To help ensure lines are straight you can turn on the grid lines on your camera or phone. Match the horizon to the third lines and you will notice an instant improvement in the composition of your photos.
Clutter is often what ruins photos – too much stuff in the background or edges. Before you take a photo, Louise suggests taking a few moments to scan around.
“Is there a giant pole or trees coming out of people’s heads? It may just mean that you shuffle the people slightly or you change your angle a little bit,” Louise says.
Instead of always standing straight in front of your family as you take a photo – try changing the angle for your holiday snaps.
“That’s one thing that’s really great to do, particularly if you’re visiting big, impressive landmarks like the Eiffel tower – if you get down low and shoot up, you can often have a lot more of the sky behind your subject and it can eliminate some of that clutter that you would normally have if you were standing at eye-height.”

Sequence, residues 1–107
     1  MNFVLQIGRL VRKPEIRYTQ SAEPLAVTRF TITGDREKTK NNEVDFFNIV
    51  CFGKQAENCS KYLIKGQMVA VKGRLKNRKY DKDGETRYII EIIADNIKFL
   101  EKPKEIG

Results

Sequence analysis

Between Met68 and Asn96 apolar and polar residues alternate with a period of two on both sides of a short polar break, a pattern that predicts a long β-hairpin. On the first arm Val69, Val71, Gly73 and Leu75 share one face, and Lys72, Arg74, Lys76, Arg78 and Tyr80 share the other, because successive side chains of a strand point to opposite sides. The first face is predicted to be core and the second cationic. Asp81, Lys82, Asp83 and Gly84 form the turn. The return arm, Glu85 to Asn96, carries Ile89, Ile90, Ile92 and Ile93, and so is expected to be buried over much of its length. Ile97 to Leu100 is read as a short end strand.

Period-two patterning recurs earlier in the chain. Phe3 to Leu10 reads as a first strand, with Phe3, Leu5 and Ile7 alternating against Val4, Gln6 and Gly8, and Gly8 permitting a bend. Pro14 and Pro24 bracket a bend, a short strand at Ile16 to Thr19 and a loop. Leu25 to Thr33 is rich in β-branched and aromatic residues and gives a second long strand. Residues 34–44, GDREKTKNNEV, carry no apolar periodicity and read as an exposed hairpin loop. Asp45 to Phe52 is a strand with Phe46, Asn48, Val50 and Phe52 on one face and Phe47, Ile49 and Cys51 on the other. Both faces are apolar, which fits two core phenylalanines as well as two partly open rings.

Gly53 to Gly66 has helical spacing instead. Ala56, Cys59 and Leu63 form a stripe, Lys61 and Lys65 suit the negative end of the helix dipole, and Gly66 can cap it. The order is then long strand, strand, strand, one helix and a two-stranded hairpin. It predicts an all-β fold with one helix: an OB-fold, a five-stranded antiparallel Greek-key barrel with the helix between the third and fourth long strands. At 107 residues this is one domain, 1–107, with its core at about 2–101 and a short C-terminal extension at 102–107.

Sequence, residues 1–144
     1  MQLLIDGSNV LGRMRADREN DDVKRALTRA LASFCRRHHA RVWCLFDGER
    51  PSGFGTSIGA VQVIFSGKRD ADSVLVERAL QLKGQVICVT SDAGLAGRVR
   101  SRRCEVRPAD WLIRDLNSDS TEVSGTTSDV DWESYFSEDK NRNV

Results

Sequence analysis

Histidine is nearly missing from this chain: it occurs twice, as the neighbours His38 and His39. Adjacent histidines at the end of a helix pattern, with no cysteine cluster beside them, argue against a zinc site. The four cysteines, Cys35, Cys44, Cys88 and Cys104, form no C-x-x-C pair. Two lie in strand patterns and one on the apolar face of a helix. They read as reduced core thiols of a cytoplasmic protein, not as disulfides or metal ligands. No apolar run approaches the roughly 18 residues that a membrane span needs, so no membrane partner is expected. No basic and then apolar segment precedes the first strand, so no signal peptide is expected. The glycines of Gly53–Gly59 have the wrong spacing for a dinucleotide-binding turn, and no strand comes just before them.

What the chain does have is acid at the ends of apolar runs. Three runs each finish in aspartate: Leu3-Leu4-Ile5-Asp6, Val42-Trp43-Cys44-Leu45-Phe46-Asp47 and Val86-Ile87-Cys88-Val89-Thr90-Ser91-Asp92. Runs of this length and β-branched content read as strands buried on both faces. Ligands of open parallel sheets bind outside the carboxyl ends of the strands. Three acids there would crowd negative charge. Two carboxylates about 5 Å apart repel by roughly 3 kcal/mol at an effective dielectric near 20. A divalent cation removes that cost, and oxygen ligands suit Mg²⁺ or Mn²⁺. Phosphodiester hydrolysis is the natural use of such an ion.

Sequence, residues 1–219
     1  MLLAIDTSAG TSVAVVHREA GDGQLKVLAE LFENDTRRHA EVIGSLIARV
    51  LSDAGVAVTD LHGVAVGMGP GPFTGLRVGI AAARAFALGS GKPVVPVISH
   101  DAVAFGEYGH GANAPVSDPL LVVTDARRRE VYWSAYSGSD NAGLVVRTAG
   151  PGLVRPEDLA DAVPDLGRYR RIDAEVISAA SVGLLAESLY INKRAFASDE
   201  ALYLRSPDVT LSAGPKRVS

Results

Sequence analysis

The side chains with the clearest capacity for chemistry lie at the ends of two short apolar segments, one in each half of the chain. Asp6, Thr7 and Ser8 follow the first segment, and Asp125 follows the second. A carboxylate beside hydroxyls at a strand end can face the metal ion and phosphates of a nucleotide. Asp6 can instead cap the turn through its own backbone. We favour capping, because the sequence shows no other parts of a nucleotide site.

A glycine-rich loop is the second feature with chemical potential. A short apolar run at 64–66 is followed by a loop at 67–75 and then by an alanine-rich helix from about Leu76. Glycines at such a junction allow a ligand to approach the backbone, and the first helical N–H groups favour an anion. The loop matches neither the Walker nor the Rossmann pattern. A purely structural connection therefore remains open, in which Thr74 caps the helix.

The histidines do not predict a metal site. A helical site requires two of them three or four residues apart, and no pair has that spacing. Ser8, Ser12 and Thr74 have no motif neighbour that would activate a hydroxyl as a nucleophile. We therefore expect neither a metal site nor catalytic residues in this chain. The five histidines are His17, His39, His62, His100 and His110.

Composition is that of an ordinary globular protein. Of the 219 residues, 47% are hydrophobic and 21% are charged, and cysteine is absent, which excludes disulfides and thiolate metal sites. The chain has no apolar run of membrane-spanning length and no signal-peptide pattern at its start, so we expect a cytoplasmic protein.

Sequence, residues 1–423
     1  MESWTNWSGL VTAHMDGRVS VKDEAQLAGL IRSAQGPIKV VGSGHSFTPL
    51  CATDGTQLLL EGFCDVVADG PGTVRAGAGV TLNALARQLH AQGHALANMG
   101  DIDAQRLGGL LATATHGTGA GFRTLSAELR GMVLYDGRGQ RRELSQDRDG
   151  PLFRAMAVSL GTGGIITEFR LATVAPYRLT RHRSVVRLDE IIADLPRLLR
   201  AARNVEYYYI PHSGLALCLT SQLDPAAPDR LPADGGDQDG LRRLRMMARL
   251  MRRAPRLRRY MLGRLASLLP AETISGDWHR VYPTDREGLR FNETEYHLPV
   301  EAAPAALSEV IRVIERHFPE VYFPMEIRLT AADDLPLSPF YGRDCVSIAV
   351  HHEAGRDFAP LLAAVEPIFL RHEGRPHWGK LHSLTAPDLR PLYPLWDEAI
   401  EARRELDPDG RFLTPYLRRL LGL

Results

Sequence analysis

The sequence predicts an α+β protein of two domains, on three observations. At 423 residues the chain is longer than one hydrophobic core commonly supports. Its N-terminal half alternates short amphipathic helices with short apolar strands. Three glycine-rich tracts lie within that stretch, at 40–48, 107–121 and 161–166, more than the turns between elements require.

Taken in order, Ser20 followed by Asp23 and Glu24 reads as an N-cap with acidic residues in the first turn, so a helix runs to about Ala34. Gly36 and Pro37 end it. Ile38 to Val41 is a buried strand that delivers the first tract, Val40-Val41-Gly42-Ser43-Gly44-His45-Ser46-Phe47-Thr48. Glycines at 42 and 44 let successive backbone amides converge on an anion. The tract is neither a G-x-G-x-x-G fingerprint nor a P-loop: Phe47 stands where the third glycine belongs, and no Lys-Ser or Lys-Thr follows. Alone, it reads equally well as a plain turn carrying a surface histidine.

Louise’s last tip is to slow down and look at things you may normally miss. Take your camera with you on a normal day and capture what happens.
“We always tend to pick up the camera for the big events, like the graduations or the big fancy holidays, but we have all these tiny moments of joy in our every day that if we didn’t take photos of it, the little details, then we wouldn’t have the memories of it.”.
Once you have mastered those simple steps to better photos you can move on to taking your camera off manual mode.
Click Love Grow’s tips for great photos:
Clear the clutter
Tell a story with photos capturing wide, action and detail
Try different angels
Keep your lines straight
Don’t forget to jump in the photos yourself
How to snap a great photo in Kyoto[/vc_column_text][/vc_column][/vc_row][vc_row][vc_column][vc_basic_grid post_type=”videos” max_items=”10″ style=”load-more” grid_id=”vc_gid:1529640281226-e46030cc-ca7f-5″ taxonomies=”344″ el_class=”newest-video”][/vc_column][/vc_row]